The fourth day of the study visit comprised of a visit to a hairdresser , Marco Filipic, followed by a meeting at CPI headquarters with representatives from the Chambers of Commerce.
Mr. Filipic, who is also taking part in the employer informed part of the project, was very passionate about his profession and discussed the changes in hairdressing since he began the career. Mr. Filipic spoke about how hard he worked to get to an esteemed position within the hairdressing profession and how having adopted the profession from his own father he feels strongly about the parental role; Parents should support the career path chosen by the student and stand with them when approaching employers for traineeships.
Mr. Filipic learned many of his skills from the family business and displayed a desire to see young people show similar passion and dedication as he had as an adolescent. For him it is best if a person wishing to become a hairdresser approaches him at 15 or 16 with the support of their parents and is willing to learn on the job and see all aspects of the job from cleaning to cutting and styling. For him, more of the student’s time should be spent with him, the employer, rather than at the college.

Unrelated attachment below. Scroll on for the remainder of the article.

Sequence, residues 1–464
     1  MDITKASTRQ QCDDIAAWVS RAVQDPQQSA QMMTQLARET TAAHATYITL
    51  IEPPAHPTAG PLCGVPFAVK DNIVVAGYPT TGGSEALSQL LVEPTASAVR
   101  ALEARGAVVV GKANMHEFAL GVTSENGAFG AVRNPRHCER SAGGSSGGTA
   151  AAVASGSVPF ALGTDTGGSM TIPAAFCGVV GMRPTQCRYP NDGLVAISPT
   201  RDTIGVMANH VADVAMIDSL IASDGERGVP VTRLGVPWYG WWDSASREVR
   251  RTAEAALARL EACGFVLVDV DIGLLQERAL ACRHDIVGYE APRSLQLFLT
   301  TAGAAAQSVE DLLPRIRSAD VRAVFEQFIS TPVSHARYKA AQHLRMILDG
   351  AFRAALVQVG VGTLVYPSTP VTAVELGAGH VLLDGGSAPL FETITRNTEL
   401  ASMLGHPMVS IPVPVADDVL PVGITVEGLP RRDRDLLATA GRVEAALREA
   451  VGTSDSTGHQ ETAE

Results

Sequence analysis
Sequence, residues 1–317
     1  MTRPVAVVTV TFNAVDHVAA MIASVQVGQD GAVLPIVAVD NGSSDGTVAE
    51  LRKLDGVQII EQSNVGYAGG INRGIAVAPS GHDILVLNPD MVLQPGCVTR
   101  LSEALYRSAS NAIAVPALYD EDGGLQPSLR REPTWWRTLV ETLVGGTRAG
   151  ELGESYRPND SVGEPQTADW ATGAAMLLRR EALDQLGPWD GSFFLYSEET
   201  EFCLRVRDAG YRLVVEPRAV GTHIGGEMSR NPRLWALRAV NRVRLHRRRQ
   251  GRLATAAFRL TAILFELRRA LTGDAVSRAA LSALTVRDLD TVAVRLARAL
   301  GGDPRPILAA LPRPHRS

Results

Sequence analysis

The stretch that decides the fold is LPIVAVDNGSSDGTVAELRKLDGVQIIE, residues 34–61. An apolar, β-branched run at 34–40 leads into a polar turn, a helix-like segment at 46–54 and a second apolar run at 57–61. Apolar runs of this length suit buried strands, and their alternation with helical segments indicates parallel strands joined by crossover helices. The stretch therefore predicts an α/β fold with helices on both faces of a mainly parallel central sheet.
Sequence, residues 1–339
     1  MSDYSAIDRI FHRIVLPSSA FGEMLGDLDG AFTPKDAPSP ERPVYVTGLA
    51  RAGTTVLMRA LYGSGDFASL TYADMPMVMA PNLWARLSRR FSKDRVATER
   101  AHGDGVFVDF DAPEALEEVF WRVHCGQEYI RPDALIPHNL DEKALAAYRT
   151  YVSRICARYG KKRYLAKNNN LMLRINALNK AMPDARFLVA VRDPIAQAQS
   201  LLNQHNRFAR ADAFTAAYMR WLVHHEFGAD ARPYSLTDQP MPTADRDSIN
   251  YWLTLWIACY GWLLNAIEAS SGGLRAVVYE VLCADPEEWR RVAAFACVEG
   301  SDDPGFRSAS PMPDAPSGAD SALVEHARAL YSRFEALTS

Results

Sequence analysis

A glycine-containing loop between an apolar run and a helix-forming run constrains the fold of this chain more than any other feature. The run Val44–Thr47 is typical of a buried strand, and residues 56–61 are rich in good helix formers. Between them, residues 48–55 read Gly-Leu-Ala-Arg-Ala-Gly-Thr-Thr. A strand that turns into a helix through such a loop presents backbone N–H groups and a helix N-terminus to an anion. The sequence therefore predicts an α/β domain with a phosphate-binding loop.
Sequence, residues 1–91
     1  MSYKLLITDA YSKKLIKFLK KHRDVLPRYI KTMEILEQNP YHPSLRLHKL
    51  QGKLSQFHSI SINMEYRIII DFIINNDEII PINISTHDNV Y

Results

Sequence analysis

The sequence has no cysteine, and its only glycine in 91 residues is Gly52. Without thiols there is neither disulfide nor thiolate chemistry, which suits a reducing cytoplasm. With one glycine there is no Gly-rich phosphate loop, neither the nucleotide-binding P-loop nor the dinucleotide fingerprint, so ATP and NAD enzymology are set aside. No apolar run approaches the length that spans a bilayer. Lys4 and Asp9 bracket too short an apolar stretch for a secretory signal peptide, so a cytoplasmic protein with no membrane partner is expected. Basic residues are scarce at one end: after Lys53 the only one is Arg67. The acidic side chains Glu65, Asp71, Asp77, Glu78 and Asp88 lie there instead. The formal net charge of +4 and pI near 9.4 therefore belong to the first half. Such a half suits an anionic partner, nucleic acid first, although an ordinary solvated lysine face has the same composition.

He also pointed out there is no longer a compact list of hairstyles which women or men look for, such as a perm. Nowadays, there is an expectation that hairdressers can reproduce a style the customer saw the night before on the red carpet. From the conversation it seemed everything has gotten more complex over the last decade and perhaps that young people are not necessarily showing motivation and dedication to become competent in their career to meet modern day demands.
The students drive, enthusiasm and ambition are essential motivating factors for students to give their all during a work placement. Ambitious students will want to please the placement provider and this will be evident in how they present themselves and apply themselves during the placement. They also need to grow personally and find their voice. They must be resilient and understand they need to work their way up in an organisation earning respect and trust of colleagues and managers along the way.
- How do colleges create more ambitious students?
- How do employers see colleges doing this?
- Can parents be engaged more by colleges to be active in driving the student engagement?
- Have employers realistic expectations and an understanding of adolescents?
- How does an employer’s attitude and expectation impact the student?
- For an employer who has learned their profession through their family can they understand and empathise with a person learning the profession without such a background?
- Does the college provide a better environment for personal and social growth?
- For a student who has a negative experience on a work placement, what measures can a college take such that this doesn’t also negatively impact the student’s attitude and impression of the career?
- How can students learn to foster good team building and relationship building skills in a college or on placement?